# How do you integrate int 1/sqrt(4x^2+12x-5)  using trigonometric substitution?

Jun 4, 2018

$\int \frac{\mathrm{dx}}{\sqrt{4 {x}^{2} + 12 x - 5}} = \frac{1}{2} \ln \left\mid 2 x + 3 + \sqrt{4 {x}^{2} + 12 x - 5} \right\mid + C$

#### Explanation:

Complete the square at the denominator:

$\int \frac{\mathrm{dx}}{\sqrt{4 {x}^{2} + 12 x - 5}} = \int \frac{\mathrm{dx}}{\sqrt{{\left(2 x + 3\right)}^{2} - 14}} = \frac{1}{\sqrt{14}} \int \frac{\mathrm{dx}}{\sqrt{{\left(\frac{2 x + 3}{\sqrt{14}}\right)}^{2} - 1}}$

Substitute for $\frac{2 x + 3}{\sqrt{14}} > 1$

$\frac{2 x + 3}{\sqrt{14}} = \sec t$

$\mathrm{dx} = \frac{\sqrt{14}}{2} \sec t \tan t \mathrm{dt}$

with $t \in \left(0 , \frac{\pi}{2}\right)$

so that:

$\int \frac{\mathrm{dx}}{\sqrt{4 {x}^{2} + 12 x - 5}} = \frac{1}{2} \int \frac{\sec t \tan t \mathrm{dt}}{\sqrt{{\sec}^{2} t - 1}}$

Now:

$\sqrt{{\sec}^{2} t - 1} = \sqrt{\frac{1}{\cos} ^ 2 t - 1} = \sqrt{\frac{1 - {\cos}^{2} t}{\cos} ^ 2 t} = \sqrt{{\sin}^{2} \frac{t}{\cos} ^ 2 t} = \sqrt{{\tan}^{2} t} = \tan t$

as for $t \in \left(0 , \frac{\pi}{2}\right)$ the tangent is positive.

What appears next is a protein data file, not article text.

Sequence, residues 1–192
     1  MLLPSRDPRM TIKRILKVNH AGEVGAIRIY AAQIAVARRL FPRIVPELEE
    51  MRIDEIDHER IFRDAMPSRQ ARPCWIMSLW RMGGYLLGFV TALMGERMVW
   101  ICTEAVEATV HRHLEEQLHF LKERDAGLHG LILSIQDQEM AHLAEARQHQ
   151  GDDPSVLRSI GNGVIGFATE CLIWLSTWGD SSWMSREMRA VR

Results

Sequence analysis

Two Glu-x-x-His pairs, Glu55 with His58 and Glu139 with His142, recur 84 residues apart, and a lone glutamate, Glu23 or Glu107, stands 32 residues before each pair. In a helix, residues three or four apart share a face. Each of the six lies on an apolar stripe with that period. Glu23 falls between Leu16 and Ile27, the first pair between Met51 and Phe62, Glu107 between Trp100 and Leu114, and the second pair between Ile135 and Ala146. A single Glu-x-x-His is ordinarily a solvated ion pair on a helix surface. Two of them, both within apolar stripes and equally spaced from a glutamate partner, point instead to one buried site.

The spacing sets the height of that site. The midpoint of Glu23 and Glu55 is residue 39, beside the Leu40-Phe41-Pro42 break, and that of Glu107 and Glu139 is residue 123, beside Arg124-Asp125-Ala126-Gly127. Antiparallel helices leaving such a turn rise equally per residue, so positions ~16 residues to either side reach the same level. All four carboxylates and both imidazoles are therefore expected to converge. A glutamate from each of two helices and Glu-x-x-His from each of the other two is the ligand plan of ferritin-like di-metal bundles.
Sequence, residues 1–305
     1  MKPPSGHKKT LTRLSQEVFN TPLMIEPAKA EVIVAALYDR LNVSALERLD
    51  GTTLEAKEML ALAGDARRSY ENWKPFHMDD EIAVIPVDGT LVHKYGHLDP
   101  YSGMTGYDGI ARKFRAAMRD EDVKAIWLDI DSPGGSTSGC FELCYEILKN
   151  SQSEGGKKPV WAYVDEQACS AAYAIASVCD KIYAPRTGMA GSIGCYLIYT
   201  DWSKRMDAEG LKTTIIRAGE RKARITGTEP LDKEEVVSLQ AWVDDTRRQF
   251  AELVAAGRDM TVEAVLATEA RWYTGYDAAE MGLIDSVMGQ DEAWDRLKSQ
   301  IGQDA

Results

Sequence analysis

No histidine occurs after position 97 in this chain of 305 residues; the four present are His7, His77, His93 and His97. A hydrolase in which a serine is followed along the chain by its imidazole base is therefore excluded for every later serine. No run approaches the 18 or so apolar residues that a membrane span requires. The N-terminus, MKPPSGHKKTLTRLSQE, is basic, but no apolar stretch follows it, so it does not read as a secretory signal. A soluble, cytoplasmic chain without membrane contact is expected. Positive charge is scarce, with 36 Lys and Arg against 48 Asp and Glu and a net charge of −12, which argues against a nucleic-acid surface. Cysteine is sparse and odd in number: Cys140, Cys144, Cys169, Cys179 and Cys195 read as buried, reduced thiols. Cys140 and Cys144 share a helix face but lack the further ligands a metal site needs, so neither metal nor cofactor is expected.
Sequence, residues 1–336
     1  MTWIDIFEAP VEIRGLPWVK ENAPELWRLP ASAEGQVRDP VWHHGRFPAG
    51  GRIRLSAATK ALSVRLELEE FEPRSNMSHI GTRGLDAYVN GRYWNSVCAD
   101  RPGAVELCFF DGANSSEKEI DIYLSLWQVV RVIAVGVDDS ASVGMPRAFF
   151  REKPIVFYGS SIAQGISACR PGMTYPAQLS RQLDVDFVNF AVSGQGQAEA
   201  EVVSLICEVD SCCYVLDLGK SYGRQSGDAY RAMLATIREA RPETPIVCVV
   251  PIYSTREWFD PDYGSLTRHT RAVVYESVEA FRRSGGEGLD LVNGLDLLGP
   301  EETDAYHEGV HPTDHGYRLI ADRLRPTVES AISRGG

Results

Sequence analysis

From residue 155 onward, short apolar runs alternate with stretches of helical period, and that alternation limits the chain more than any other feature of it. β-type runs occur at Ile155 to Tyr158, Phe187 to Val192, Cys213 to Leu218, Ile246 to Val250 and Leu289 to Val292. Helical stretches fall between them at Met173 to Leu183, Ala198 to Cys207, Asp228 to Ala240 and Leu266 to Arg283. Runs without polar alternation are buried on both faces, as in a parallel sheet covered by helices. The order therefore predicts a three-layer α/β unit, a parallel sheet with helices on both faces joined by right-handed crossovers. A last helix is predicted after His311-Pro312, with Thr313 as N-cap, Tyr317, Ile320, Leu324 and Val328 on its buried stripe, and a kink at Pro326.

So:

$\int \frac{\mathrm{dx}}{\sqrt{4 {x}^{2} + 12 x - 5}} = \frac{1}{2} \int \frac{\sec t \tan t \mathrm{dt}}{\tan} t$

$\int \frac{\mathrm{dx}}{\sqrt{4 {x}^{2} + 12 x - 5}} = \frac{1}{2} \int \sec t \mathrm{dt}$

$\int \frac{\mathrm{dx}}{\sqrt{4 {x}^{2} + 12 x - 5}} = \frac{1}{2} \ln \left\mid \sec t + \tan t \right\mid + C$

$\int \frac{\mathrm{dx}}{\sqrt{4 {x}^{2} + 12 x - 5}} = \frac{1}{2} \ln \left\mid \sec t + \sqrt{{\sec}^{2} t - 1} \right\mid + C$

Undoing the substitution:

$\int \frac{\mathrm{dx}}{\sqrt{4 {x}^{2} + 12 x - 5}} = \frac{1}{2} \ln \left\mid \frac{2 x + 3}{\sqrt{14}} + \sqrt{{\left(\frac{2 x + 3}{\sqrt{14}}\right)}^{2} - 1} \right\mid + C$

$\int \frac{\mathrm{dx}}{\sqrt{4 {x}^{2} + 12 x - 5}} = \frac{1}{2} \ln \left\mid 2 x + 3 + \sqrt{4 {x}^{2} + 12 x - 5} \right\mid + C$

and by differentiating we can verify that the solution is valid also for $\frac{2 x + 3}{\sqrt{14}} < - 1$.